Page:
To construct a new JSONB type to return, you need to build the in-memory representation of the JSON and then serialize it to return it from the function, which is what the code below does.

#include <postgres.h>

#include <utils/jsonb.h>
static Jsonb *BuildJsonObject(List *items) {
  ListCell *cell;
  JsonbParseState *state = NULL;
  JsonbValue *value;

  pushJsonbValue(&state, WJB_BEGIN_OBJECT, NULL);
  foreach (cell, items) {
    ParseItem *item = (ParseItem *)lfirst(cell);
    AddJsonField(&state, item->key, item->value);
  value = pushJsonbValue(&state, WJB_END_OBJECT, NULL);

  return JsonbValueToJsonb(value);

The parser state is quite easy to construct and is just a NULL pointer. The variable will be updated as the parsing proceeds by pushing WJB_* constants (with values) into the parser state. The function BuildJsonObject added here is used to construct a JSON object and starts the construction by calling pushJsonbValue with WJB_BEGIN_OBJECT and terminates the construction of it by pushing WJB_END_OBJECT into the parser state. Since starting and terminating an object does not require a value, it is sufficient to use NULL as the second parameter for both of these calls. (It is actually an error to provide anything that is not NULL in this case. You will get an assertion failure in a debug build, but in a release build is will just be ignored.) Pushing WJB_END_OBJECT into the parser state will return the constructed objects as a JsonbValue pointer allocated in the current memory context. This value is then transformed into serialized format and returned from the function using the JsonbValueToJsonb.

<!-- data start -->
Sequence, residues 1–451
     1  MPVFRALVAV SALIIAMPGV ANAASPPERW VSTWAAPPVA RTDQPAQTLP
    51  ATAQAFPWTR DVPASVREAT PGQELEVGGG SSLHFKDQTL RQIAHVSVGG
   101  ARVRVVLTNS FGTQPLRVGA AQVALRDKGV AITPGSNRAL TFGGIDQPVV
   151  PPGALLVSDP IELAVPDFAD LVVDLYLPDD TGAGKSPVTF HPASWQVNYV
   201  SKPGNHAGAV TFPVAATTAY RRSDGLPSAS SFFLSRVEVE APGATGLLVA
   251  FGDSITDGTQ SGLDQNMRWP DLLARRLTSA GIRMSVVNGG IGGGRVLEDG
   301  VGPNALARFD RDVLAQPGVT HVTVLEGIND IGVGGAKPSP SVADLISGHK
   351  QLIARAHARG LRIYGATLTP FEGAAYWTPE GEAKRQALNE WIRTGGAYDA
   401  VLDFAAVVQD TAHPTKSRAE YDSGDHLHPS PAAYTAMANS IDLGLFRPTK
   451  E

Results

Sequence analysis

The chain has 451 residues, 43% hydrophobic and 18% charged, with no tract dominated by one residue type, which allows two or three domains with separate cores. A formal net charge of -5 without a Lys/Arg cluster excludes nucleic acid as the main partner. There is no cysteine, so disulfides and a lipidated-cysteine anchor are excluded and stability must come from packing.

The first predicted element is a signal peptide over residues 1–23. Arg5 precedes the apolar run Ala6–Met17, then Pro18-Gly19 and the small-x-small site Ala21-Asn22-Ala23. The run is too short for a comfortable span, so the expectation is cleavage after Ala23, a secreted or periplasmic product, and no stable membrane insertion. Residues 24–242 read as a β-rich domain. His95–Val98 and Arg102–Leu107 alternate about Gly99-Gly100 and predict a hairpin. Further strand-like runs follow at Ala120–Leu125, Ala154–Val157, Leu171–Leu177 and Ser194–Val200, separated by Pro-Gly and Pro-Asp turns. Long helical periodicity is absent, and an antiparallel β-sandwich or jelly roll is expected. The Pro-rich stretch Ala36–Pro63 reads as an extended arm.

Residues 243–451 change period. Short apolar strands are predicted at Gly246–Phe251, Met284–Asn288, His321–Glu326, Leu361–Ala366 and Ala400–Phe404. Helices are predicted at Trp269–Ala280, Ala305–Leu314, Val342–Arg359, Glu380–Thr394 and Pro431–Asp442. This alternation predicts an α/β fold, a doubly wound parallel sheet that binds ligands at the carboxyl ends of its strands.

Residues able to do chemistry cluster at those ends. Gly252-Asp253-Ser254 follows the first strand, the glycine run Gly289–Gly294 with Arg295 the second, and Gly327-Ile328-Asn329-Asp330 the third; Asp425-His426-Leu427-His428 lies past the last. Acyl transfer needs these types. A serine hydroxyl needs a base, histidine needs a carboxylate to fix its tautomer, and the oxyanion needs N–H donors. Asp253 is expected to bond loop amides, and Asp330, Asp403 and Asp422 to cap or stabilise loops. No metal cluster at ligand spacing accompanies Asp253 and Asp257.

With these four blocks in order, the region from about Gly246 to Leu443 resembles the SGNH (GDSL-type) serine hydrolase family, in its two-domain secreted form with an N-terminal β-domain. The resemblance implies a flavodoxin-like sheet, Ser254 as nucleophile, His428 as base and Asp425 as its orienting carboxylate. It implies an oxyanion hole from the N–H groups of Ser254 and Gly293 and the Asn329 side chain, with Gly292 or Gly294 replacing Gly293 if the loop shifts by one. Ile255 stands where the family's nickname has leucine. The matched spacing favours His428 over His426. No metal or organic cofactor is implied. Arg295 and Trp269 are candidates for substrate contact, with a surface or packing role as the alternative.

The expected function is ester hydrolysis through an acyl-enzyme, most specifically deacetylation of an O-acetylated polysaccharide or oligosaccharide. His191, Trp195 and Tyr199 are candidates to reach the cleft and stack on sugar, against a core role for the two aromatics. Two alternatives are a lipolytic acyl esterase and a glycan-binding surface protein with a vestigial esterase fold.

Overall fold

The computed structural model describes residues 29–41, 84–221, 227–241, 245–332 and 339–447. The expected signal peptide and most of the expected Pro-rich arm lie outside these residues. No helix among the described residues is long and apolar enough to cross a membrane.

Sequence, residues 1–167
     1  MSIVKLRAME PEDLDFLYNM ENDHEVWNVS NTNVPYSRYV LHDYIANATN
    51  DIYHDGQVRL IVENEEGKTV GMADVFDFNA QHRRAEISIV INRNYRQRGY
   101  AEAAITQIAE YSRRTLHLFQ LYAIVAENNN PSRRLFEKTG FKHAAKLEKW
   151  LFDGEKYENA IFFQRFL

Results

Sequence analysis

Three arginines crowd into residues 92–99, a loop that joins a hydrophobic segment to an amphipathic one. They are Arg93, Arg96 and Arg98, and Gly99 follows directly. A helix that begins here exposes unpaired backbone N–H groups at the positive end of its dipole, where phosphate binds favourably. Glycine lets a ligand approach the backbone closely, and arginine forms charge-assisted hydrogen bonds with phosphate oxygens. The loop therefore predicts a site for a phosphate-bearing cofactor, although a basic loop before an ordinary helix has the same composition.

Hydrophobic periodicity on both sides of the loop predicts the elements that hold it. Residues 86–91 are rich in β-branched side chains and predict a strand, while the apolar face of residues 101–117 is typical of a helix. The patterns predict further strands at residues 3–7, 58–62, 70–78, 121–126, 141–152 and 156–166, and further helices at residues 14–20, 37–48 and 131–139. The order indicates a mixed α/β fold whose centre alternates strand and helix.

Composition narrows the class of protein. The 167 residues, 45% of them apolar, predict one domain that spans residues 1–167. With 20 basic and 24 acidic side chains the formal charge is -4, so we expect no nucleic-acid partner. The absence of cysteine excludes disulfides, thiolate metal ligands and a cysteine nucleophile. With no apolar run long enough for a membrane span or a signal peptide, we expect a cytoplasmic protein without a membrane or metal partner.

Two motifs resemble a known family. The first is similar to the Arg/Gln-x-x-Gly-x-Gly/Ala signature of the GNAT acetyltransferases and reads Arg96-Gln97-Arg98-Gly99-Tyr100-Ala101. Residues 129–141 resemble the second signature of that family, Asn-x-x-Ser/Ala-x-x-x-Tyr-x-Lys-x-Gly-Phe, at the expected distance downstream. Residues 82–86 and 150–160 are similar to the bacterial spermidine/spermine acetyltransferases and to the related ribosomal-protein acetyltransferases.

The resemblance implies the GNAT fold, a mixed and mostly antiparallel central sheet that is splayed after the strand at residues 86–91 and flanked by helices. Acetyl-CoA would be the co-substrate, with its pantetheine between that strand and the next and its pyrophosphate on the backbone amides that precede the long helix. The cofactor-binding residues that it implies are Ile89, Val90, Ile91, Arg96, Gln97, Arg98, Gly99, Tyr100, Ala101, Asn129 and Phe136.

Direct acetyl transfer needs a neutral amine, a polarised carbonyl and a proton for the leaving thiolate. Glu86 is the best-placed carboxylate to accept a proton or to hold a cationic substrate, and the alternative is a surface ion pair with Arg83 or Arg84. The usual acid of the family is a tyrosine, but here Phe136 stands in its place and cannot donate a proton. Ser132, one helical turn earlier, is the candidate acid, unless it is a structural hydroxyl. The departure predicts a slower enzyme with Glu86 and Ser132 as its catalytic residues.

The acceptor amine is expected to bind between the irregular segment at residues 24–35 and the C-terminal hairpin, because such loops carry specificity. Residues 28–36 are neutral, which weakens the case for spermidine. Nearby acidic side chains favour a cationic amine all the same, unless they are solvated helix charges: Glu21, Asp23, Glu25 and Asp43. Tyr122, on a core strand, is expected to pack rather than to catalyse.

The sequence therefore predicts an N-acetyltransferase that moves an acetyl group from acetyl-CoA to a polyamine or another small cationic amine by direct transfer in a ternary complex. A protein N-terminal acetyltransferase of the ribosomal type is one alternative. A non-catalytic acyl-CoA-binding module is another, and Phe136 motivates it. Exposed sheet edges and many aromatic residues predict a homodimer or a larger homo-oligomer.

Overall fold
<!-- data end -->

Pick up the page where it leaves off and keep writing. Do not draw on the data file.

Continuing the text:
Next step is to build the internals of the object—the key-value pairs that you saw in Figure 1—and is done using the AddJsonField function.

static void AddJsonField(JsonbParseState **state, char *key, char *value) {
  JsonbValue jb_key, jb_val;
  jb_key.type = jbvString;
  jb_key.val.string.val = pstrdup(key);
  jb_key.val.string.len = strlen(key);

  (void)pushJsonbValue(state, WJB_KEY, &jb_key);

  jb_val.type = jbvString;
  jb_val.val.string.val = pstrdup(value);
  jb_val.val.string.len = strlen(value);
  (void)pushJsonbValue(state, WJB_VALUE, &jb_val);

To handle To add a key-value pair, it is necessary to construct two instances of JsonbValue and pushing them into the parser state: first the key and then the value. This will form a JsonbPair and add it to the partially constructed JSON object in the parser state.

The next post will cover the server programming interface that is used to execute SQL statements and insert data into tables. With this done, you will then have a fully functional extension that can receive InfluxDB Line Protocol and insert the data into tables.


Long time developer with a keen interest in databases, distributed systems, and programming languages. Currently working as Database Architect at Timescale.